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The purpose of this loss analysis is to determine how much credit enhancement a given tranche would need for a security in that tranche to receive a particular category of credit rating (e.g., a “AAA” rating). The analyst next evaluates the proposed capital structure of the issuer. Generally, the arranger proposes a capital structure with credit enhancement levels to obtain desired credit ratings for securities in each tranche. The analyst reviews the proposed credit enhancement levels against the predictions as to how the assets in the pool will perform to determine whether the amount of credit enhancement at each tranche is sufficient to support the desired credit rating. If the analyst concludes that the capital structure of the issuer will not support the desired rating for a security in a particular tranche, the analyst typically conveys this preliminary conclusion to the arranger. The arranger requests this preliminary view from the analyst because – as noted above – the potential investors who will purchase the securities generally demand specific credit ratings. Consequently, if the securities will not receive the credit rating sought by the potential investors, the arranger may not be able to sell them. In the case where the analyst’s preliminary view differs from the expectation of the arranger, the arranger can accept the lower credit ratings or take steps to obtain the desired credit ratings. These steps can include changing the composition of the asset pool so that it yields better expected loss measures or adjusting the capital structure of the issuer to increase the level of credit enhancement at a given tranche.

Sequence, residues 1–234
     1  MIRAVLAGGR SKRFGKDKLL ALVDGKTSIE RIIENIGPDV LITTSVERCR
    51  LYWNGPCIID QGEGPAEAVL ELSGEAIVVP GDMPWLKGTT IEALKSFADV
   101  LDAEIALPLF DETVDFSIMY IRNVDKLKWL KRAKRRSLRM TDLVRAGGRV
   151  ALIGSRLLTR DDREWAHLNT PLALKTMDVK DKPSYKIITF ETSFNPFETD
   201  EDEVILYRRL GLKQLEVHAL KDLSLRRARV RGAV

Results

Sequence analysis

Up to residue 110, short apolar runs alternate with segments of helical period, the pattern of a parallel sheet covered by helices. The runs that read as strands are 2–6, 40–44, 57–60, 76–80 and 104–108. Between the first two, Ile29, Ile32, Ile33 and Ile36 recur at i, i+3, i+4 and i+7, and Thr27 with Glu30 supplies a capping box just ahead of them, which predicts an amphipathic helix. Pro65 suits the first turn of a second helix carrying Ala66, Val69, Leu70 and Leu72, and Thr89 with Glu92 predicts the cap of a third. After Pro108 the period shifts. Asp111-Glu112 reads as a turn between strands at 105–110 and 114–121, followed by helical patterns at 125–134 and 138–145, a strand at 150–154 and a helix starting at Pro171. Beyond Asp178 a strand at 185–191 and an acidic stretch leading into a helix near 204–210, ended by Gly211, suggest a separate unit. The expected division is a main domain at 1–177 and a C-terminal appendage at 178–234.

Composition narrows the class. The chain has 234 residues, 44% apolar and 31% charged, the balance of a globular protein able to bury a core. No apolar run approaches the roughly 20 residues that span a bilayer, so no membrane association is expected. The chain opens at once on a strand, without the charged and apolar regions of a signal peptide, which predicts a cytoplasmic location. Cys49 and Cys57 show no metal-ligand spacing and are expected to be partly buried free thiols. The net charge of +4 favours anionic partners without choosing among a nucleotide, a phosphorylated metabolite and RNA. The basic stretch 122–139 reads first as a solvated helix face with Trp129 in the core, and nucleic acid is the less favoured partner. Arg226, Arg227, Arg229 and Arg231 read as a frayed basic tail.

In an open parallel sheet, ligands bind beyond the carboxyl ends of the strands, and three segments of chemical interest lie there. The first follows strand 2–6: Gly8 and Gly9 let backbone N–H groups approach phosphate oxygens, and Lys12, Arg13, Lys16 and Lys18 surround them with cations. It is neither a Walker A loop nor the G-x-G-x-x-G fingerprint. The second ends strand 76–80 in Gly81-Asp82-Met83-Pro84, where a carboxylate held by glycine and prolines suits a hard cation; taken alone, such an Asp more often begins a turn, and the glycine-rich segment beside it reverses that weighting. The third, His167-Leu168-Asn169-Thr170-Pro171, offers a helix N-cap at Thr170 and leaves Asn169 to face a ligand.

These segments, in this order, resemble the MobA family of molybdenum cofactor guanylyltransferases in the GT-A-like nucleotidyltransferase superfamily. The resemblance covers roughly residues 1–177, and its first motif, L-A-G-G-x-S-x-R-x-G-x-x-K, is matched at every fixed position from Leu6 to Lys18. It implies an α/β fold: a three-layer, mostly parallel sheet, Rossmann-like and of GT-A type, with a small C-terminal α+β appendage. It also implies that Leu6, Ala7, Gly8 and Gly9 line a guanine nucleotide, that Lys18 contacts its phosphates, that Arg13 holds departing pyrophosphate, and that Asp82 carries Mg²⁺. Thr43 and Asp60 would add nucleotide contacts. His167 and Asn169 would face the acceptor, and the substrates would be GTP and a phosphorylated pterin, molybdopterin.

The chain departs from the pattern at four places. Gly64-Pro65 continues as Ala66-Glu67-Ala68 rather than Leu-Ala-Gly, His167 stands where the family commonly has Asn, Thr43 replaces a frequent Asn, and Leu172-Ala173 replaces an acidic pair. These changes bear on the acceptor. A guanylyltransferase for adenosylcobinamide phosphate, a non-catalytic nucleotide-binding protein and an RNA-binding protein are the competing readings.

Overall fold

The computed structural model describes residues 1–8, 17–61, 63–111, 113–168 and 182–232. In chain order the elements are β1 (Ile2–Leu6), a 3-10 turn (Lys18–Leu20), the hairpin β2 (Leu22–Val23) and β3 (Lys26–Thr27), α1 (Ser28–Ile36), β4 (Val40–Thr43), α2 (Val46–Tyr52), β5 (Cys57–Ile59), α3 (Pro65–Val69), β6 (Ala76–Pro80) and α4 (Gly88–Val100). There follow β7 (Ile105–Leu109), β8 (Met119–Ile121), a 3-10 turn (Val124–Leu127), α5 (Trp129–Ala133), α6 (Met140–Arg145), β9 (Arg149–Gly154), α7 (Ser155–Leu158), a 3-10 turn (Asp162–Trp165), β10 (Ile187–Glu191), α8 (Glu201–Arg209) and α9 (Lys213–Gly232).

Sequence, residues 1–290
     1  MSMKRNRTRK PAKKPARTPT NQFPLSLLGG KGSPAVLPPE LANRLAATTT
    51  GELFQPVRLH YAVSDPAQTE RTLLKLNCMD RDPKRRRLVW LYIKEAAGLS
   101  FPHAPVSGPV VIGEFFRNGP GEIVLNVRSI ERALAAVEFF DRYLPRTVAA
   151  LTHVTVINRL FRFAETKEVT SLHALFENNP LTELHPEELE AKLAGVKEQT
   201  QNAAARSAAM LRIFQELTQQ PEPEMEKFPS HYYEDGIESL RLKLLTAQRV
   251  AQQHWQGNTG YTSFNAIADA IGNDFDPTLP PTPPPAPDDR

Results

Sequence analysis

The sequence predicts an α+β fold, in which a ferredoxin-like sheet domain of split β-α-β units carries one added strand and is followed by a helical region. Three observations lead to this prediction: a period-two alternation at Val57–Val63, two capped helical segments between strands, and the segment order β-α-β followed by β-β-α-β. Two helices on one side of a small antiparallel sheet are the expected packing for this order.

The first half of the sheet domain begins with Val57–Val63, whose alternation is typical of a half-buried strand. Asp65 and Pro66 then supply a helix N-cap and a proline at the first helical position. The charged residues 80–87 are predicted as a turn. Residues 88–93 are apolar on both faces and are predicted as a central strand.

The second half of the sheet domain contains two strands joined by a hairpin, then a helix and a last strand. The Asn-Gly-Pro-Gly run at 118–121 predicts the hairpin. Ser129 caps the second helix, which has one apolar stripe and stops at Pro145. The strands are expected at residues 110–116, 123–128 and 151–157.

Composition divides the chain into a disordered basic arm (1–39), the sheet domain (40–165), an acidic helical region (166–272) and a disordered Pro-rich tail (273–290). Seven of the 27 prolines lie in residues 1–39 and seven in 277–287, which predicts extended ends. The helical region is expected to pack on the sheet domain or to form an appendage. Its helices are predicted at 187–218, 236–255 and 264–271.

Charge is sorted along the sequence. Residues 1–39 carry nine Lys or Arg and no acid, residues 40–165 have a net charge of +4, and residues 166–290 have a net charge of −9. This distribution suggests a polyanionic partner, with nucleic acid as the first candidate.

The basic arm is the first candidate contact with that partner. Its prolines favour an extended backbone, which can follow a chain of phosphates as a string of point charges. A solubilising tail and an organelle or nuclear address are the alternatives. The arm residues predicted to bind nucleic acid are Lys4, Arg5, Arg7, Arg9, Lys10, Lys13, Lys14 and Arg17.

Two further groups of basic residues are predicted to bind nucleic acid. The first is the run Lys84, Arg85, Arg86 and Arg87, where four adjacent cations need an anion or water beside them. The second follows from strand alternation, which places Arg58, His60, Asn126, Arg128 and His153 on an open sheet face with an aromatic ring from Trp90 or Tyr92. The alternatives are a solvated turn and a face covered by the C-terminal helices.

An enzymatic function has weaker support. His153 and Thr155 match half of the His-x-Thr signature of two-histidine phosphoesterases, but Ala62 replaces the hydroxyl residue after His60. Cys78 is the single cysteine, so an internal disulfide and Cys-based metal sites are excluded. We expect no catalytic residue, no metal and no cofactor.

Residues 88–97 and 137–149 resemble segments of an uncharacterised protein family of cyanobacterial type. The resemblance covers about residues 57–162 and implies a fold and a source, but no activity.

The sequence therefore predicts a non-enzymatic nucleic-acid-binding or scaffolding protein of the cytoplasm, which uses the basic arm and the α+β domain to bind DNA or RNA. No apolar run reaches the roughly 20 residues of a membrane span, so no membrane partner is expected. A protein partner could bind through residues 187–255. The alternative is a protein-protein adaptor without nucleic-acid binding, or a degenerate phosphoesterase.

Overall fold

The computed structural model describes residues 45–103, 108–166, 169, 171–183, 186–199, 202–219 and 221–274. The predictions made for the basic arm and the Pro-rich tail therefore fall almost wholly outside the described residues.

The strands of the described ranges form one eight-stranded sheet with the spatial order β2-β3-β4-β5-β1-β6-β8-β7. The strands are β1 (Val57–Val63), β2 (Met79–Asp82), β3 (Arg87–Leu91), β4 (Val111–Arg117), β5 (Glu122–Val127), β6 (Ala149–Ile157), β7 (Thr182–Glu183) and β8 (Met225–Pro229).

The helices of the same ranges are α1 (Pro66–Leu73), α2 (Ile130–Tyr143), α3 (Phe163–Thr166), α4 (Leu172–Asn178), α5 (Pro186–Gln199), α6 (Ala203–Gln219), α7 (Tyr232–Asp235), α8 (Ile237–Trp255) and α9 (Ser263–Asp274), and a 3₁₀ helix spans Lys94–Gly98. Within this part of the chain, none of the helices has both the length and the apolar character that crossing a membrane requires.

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The next step in the process is to perform a cash flow analysis on the interest and principal expected to be received by the issuing entity from the asset pool to determine whether these cash flows will be sufficient to pay the interest and principal due on each security, as well as to cover the administrative expenses of the issuing entity. The analyst uses a quantitative model often developed by the NRSRO that analyzes the amount of principal and interest payments from the assets over the terms of the securities under various stress scenarios. The outputs of this model are compared against the required payments on the securities specified in the transaction’s legal documents. In addition to the expected loss and cash flow analysis, the analyst reviews the legal documentation of the issuing entity to evaluate whether it is bankruptcy remote (i.e., isolated from the effects of any potential bankruptcy or insolvency of the arranger). The analyst also reviews operational and administrative risk associated with the issuing entity, using the results of periodic examinations of the principal parties involved in the issuance of the security, including the asset originators, the servicer of the assets, and the trustee. In assessing the servicer, for example, an NRSRO might review its past performance with respect to loan collections, billing, recordkeeping, and the treatment of delinquent loans. Following these steps, the analyst develops a rating recommendation for the securities in each tranche. The recommendation is presented to a rating committee, which may be comprised of a lead analyst, a senior analyst, and a chairperson, among others. An analyst is not allowed to participate on a committee if he or she has a conflict of interest.